ISO 12215-9 pdf download – Small craft一Hull construction and scantlings一 Part 9: Sailing craft appendages

ISO 12215-9 pdf download - Small craft一Hull construction and scantlings一 Part 9: Sailing craft appendages

ISO 12215-9 pdf download – Small craft一Hull construction and scantlings一 Part 9: Sailing craft appendages.
B.4.2 Prevention of electrolytic and galvanic corrosion
Electrolytic and galvanic corrosion shall be avoided. The grounding of electric ac. and d.c. components shall be checked in this respect.
On aluminium craft, non-aluminium fasteners shall be electrically insulated from the rest of the structure — for example, by inserting insulation bushings and washers.
B.5 Bolt screwing and pre-stressing
B.5.1 General
Screws and nuts shall be tightened to ensure pre.stressing, which has three main purposes:
a) to avoid fatigue: keel bolts, like any bolt, can be subject to fatigue loading; put simply, if a bolt is pretensioned to a load greater than the one it will experience in service, it will experience no change in stress, and no fatigue issue;
b) to avoid a gap opening up under load between the different elements (keel. jointmg compound, backing plate, etc.);
C) to avoid nuts workwig loose, although this can be obtamed by other means (sell-locking nut, resin, counter bolt etc.).
The nut shall not, however, be tightened excessively, to avoid too much stress being placed on the hull bottom or other elements.
Washers between the bolt head or nut and backing plate are needed to reduce friction while tightening. When removing nuts for inspection, replacement of the washer is recommended, and replacement of the nut shoLdd be considered, as pre-stress generally diminishes each time the nut Is re-used. When metals other than steel are used for bolts t is recommended that washers and backing plate made of the same metals (e.g. Nickel aluminium bolts) be used; see also Table D.2.
The pre-stresslng is generally achieved by tightening the bolt with a torque wrench (see B5.5), but this method has its drawhacks Some other devices — hydraulic pm-tensioning, measuring bolt extension with a micrometer (see B5.4), ultrasonic equipment, etc — are considered more efficient, as they avoid the extra shear load on bolts brought up by the tightening torque. Above all, these methods are considered to give a better indication of the level of pm-stress, which is not straightforward with the torque (see B.5.3). However. these devices are usually more expensive than the torque wrench.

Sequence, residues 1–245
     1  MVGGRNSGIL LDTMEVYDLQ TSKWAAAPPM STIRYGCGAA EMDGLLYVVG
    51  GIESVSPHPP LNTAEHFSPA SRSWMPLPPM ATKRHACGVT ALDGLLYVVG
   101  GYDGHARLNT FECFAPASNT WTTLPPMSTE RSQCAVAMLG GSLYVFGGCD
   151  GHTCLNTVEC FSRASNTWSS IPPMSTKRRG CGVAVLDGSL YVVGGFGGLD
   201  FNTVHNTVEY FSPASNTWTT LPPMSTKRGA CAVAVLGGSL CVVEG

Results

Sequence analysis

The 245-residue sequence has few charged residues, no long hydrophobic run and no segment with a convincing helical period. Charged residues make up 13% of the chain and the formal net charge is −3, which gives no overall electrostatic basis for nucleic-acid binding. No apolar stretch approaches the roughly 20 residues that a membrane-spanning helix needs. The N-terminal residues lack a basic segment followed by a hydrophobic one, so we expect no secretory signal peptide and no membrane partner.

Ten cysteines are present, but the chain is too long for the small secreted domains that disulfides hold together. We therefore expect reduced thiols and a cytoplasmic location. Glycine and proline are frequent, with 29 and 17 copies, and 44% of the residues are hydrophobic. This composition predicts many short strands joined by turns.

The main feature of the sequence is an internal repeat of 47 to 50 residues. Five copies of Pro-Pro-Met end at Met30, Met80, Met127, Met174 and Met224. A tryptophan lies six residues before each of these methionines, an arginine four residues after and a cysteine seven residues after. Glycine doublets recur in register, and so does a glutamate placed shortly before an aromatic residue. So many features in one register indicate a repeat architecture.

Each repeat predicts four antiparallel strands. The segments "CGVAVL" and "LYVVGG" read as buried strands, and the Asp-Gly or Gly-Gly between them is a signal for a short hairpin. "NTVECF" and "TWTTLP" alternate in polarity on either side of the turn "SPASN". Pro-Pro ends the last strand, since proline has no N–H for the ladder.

B.5.2 Pre-stressing force
The determination of the pre.stressing force depends of several parameters, such as service force, screw and nut material, friction coefficient, lubrication and respective stiffness of the bolt and of all elements compressed. etc. There is a good deal of literature on the subject The German VOl 2230-1 and French NF E25-030-1 standards have very detailed specifications, both on pre-stressing and tightening torque. However, in most cases the aocuracy of the knowledge of all components of a keel bolting system in its environment will hardly be up to the level of large-scale industry practice.
the maxwiium width of the fin at its root;
— the maxr’ium spacing of bolts on a flanged keel.
The bending moment and shear force wtiich corresponds to the stress (or strain) first reaching the design value defined by EquatIon (1) shall be calculated using F.gureC.2, TableC.1 and the methods given In
ISO 12215-5.
The ratio of the offefed value to the value shall no( be less than 1.0.
C.2.2 Determination of floor effectiveness
This annex provides a simplified method which does nd pretend to cover all keel support gird configurations. and in which the following assumptions are made.
— The floors carry 100% of the transverse bending moment and forces (load case 1). l.a. nothing Is carried by any longitudinal girders except, where relevant, when connecting these floors.
— In the absence of a stiff girder or pair 04 girders, only the floOrs which are directly connected to the ballast keel via keel bolts or that lie between the leading and trailing edges of the fin in the absence of bolts may be considered as effective. Floors fore or aft of this zone are neglected.
Where there isa stiff girder or pair of girders, all floors which are connected to that girder (or girders) may be considered effective. To apply this condition, the total girder stiffness shall be at least 50 % of the total floor stiffness. The stiffness of floors and rders shall be assessed as per C.2.3.
For grids composed of other than one centreline or two near-centreline girders, the methods of this annex are not applicable and the computational methods defined In Clause 8 shall be applied.
— For grids composed of no substantial floors, or floors which simply act as stiort4ength shear webs to connect a pair of near-oentreline girders. the methods of this annex are not applicable and the computational methods defined in Clause 8 shall be used.

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